The district court also found that the other defendants had knowledge of Baranyai's acts and approved of them and that their unconstitutional conduct was likely to continue unless all defendants were enjoined. On November 16, 1979 the district court entered its order which essentially enjoined all the defendants from continuing conduct such as the conduct which gave rise to this suit. A copy of the November 16, 1979 order of the district court is set forth in full in the margin.*fn5 Thereafter, two modifications of the district court's order, the last entered by a judge of this court, permitted Millvale to substitute, for the provisions of paragraph 5 of the order, Millvale's obligation as security against any future constitutional conduct by Baranyai.
42 U.S.C. § 1983 provides:
[e]very person who, under color of any statute, ordinance, regulation, custom, or usage, of any State or Territory, subjects, or causes to be subjected, any citizen of the United States or other person within the jurisdiction thereof to the deprivation of any rights, privileges, or immunities secured by the Constitution and laws, shall be liable to the party injured in an action at law, suit in equity, or other proper proceeding for redress.
As an "other person", the Commonwealth as a plaintiff brought this action against the named defendants for injunctive relief.
To this point, judicial consideration of § 1983 as a vehicle for redressing rights implicating states or their instrumentalities has focsed on the question of whether such state entities may be sued as defendants under § 1983. See, e.g., Skehan v. Bd. of Trustees of Bloomsburg State College, 590 F.2d 470, 491 (3d Cir. 1978); Ex parte Young, 209 U.S. 123 (1908); Delman v. Jordan, 415 U.S. 651 (1974); Alabama v. Pugh, 438 U.S. 781 (1978); Quern v. Jordan, 440 U.S. 332 (1979). Boviously, in this case, where the Commonwealth is not a defendant, but is rather a plaintiff, cases which analyze § 1983 in terms of defendants are of limited assistance. Thus, rather than discuss "defendant" cases, we will direct our attention to the question of whether a state may be a plaintiff or "other person" under § 1983.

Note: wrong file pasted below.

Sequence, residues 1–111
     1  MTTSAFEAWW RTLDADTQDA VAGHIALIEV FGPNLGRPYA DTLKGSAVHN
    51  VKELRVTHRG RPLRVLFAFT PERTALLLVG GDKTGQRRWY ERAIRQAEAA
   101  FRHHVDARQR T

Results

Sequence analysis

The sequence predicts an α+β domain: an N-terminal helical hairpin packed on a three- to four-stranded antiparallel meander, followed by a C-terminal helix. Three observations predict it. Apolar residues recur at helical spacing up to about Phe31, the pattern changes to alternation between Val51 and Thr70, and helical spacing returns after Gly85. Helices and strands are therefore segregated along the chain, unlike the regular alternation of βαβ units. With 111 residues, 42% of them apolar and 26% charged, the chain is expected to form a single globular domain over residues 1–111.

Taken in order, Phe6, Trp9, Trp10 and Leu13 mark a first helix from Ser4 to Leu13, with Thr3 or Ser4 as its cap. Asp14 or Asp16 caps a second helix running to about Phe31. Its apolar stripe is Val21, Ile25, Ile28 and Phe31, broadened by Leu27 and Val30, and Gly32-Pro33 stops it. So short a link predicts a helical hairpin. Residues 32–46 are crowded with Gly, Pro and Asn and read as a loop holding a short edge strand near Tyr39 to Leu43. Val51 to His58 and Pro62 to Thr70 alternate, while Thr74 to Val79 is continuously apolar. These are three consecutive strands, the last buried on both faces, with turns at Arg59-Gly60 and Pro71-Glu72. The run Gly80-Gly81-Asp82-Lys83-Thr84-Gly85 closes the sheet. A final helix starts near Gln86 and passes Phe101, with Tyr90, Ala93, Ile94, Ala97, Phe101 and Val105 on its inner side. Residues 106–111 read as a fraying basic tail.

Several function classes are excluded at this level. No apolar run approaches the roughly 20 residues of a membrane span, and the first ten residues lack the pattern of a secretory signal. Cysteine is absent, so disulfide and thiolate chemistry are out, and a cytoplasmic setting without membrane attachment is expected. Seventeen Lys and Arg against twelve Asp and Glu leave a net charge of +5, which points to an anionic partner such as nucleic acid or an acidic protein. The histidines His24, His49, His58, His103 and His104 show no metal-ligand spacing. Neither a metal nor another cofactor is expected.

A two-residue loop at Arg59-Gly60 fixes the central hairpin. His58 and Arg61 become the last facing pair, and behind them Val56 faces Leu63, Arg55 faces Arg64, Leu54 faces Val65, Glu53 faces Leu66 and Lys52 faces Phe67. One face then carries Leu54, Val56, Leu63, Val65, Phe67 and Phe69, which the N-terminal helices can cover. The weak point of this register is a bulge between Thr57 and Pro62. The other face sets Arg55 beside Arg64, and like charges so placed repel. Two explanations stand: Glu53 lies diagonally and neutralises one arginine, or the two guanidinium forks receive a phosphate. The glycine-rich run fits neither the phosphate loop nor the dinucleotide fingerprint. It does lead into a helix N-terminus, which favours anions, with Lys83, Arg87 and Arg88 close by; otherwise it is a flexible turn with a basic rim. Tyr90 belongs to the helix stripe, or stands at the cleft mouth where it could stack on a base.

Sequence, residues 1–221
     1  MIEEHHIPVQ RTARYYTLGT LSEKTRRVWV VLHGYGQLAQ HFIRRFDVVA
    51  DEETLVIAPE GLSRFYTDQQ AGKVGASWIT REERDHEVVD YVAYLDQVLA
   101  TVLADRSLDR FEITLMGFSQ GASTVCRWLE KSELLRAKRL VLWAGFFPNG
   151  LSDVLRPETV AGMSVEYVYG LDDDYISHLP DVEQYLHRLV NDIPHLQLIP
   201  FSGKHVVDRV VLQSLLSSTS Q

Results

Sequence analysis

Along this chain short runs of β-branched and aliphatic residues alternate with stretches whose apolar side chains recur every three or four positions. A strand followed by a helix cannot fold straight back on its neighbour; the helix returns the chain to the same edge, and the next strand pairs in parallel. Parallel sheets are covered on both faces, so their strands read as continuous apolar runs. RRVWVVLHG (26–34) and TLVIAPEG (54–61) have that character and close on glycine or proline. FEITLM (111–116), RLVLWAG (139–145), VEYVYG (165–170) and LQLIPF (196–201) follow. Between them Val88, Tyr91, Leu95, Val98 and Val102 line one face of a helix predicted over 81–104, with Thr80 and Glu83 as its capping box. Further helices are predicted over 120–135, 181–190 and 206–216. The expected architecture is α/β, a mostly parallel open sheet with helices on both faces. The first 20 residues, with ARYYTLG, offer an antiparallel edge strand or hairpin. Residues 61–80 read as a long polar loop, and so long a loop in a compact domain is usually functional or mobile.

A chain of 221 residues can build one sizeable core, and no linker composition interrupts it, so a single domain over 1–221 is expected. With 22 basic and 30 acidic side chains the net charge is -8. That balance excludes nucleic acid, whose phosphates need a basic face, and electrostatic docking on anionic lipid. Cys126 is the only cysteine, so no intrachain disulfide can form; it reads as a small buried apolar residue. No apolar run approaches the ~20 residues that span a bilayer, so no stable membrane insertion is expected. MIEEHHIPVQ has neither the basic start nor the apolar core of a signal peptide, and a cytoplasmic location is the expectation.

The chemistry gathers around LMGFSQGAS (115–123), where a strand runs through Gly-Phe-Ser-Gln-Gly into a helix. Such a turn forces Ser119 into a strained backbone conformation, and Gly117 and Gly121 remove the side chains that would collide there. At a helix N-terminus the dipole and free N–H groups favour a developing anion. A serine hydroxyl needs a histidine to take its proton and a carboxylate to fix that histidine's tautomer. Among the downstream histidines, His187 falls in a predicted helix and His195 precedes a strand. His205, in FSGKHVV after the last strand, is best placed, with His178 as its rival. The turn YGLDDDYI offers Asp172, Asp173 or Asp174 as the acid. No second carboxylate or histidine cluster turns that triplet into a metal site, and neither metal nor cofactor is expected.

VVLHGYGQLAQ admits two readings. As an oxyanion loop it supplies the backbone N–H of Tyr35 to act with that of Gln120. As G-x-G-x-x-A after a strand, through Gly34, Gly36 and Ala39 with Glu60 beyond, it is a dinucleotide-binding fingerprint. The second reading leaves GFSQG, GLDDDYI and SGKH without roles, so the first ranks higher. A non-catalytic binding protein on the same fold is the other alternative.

Because of the posture of this case, where only the Commonwealth and certain individuals are plaintiffs, we must initially determine whether the Commonwealth of Pennsylvania has standing to seek relief in either (1) a personal or (2) a representative capacity.
We turn first to the question of whether the Commonwealth in its personal capacity may sue the municipal officials named as defendants under 42 U.S.C. § 1983. To qualify as a § 1983 plaintiff, the Commonwealth must satisfy the statutory classification of being a "citizen of the United States or other person ... injured...." No claim has ever been made, nor could it be, that the Commonwealth is a "citizen of the United States". Therefore to sustain its plaintiff status, the Commonwealth must come within the rubric of an "other person" who has been injured.
The district court did not find it necessary to resolve the question of the Commonwealth's standing to sue in its personal capacity since it had held in a memorandum opinion of February 24, 1978 "that there was no showing that the Commonwealth of Pennsylvania had been injured personally by the series of events alleged in the complaint...." Commonwealth of Pennsylvania v. Porter, 480 F. Supp. 686, 694-95 (W.D. Pa. 1979). Thus, the district court, without addressing the status of the Commonwealth as an "other person", disposed of the Commonwealth's personal standing on an alternate ground: a failure to demonstrate injury. The district court's holding in this respect, however, was not critical to the continuation of the litigation because that court then allowed the action to proceed with the Commonwealth as a plaintiff under a parens partriae theory. We discuss this feature of the district court's holding in a subsequent section of this opinion.
Whether or not the Commonwealth may sue as a plaintiff under § 1983, unlike the question of whether or not it may be sued as a defendant, does not require us to address considerations of Eleventh Amendment immunity. Our task is limited to determining whether Congress intended to include states among those "other person[s]" entitled to bring actions under § 1983.
No Court of Appeals has had the occasion to address this question*fn6 but an examination of § 1983 itself and a review of the legislative history that was examined in Monell v. New York City Dept. of Social Services, 436 U.S. 658 (1978), leads to the conclusion that states were never deemed to fall within ...